Project's risks outweigh benefits, OEB report finds
By Emma Jackson, Ottawa Community News
Some local leaders are hoping a report from the Ontario Energy Board will take the steam out of a proposal to bring crude oil through the Ottawa Valley.
TransCanada’s Energy East pipeline proposal would convert about 3,000 kilometres of natural gas pipeline to instead carry diluted bitumen from the Alberta oil sands to refineries on the east coast.
Along the way, the pipeline would skirt or cross a number of waterways in Ontario, including the Rideau, Madawaska and Ottawa Rivers, and the Oxford-Marsh and Nepean aquifers south of the capital.
TransCanada has long touted the economic benefits of the project, but the provincial energy regulator’s report released Aug. 13 found that safety and environmental risks could vastly outweigh any of the “modest” economic benefits Ontario would see.
“As with all pipelines, the benefits will largely accrue to the region producing the goods … and the region taking the goods out of it,” the report said. “This leads to an imbalance between the economic and environmental risks of the project, and the expected benefits for Ontarians.”
The pipeline will create jobs, particularly during construction, but not enough to have a huge economic impact in the province, according to the OEB. And any modest gains could be offset by the fact that natural gas prices could rise by as much as 12 per cent during winter months between 2016 and 2035.
That’s because converting the pipeline to carry crude oil will effectively reduce natural gas supply, particularly for eastern Ontario.
And the safety risks could be costly, too, both in monetary terms and in environmental damage.
The OEB has added a greenhouse gas emission analysis to its report mandate, after it was raised as a major concern time and again at public consultations. Another big concern from residents was the fear that bitumen is more toxic and more difficult to clean up in the event of a spill – an incident that could send enough oil to fill an Olympic swimming pool into the Ottawa Valley’s drinking water supply.
The proposed route nears the Ottawa River downstream from the city’s drinking water intake, the report found.
The report’s seemingly dire findings have got some local leaders hopeful the province will advocate for the route to be changed – or even canned altogether.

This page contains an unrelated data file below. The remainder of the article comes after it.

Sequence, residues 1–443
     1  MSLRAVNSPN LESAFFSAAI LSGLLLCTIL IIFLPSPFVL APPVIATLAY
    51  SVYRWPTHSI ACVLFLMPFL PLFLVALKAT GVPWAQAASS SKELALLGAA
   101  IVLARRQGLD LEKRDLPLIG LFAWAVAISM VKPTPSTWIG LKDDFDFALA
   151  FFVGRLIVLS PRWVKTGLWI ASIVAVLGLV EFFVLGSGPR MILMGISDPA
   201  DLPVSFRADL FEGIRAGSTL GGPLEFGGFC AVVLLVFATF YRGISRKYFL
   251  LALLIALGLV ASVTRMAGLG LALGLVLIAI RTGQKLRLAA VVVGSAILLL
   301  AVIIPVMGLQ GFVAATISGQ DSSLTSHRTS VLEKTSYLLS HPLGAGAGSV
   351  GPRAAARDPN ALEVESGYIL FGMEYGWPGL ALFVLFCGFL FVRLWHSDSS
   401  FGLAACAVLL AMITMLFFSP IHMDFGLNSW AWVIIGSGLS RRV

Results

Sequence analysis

“We’re assuming with this report the provincial government cannot support this project,” said Graham Saul, executive director of Ecology Ottawa. “The OEB emphasized there were serious risks, not just environmental risks, and they clearly stated those risks outweigh the benefits.”
Ottawa South MPP John Fraser certainly seemed swayed by the report, which his government commissioned, although the province has yet to say if it will support or reject the project when it acts as an intervener at the National Energy Board hearings sometime next year.
Calling the report “a win for our environment and for the Rideau River,” Fraser said the document gives voice to serious safety and environmental concerns raised by residents that might otherwise have been silenced.
“We’ve looked around the world to see the devastating impacts of spills,” Fraser said. “We don’t want 30 or 40 years from now (to have) the next generation – our grandchildren, our great grandchildren – going, ‘What were they thinking?’
“The Rideau River is a UNESCO world heritage site and it runs through our city and through a large portion of eastern Ontario, and not only is it there for recreation and people’s enjoyment, but people depend on it for their livelihood,” he said.
Capital Coun. David Chernushenko, who chairs the city’s environment committee, is personally against the pipeline, and has long argued that the broader climate change debate must be part of the impact assessment of the project.
“Initially we were not talking about whether we should be consuming oil in the first place,” Chernushenko said.
The City of Ottawa has yet to take an official stance on the project, although council sent a letter to the National Energy Board outlining the city’s concerns with regard to emergency preparedness, safety and drinking water protection.
Chernushenko said the city won’t be an official intervener in the hearings next year, but he hopes the environment committee will eventually host a public discussion on what stance, if any, the city will take on the project.
“We had anticipated that debate would come this fall, but we keep pushing back when that might be because the NEB’s deadlines keep getting pushed back,” he said.
Even if the province and the city do take a stance against the pipeline, it’s ultimately up the National Energy Board to decide if it goes ahead – and that’s unpredictable at best.
“(Canada’s) environmental protections have been so damaged by (the Harper) government, and the National Energy Board process itself has been so fatally undermined, we can no longer count on the NEB to provide a fair process,” said Saul.
Fraser agreed and said federal regulatory changes have weakened the hearings, which will result in limited community consultation, “minimal consideration” of environmental impacts and less of a voice for First Nations and Métis people, who believe the pipeline violates their aboriginal and treaty rights.
The changes to the scope of the National Energy Board hearing process is meant to speed up the pipeline application process, Fraser said.
“As a resource-based economy, there’s pressure to get new resource projects going faster,” he said.
With files from Erin McCracken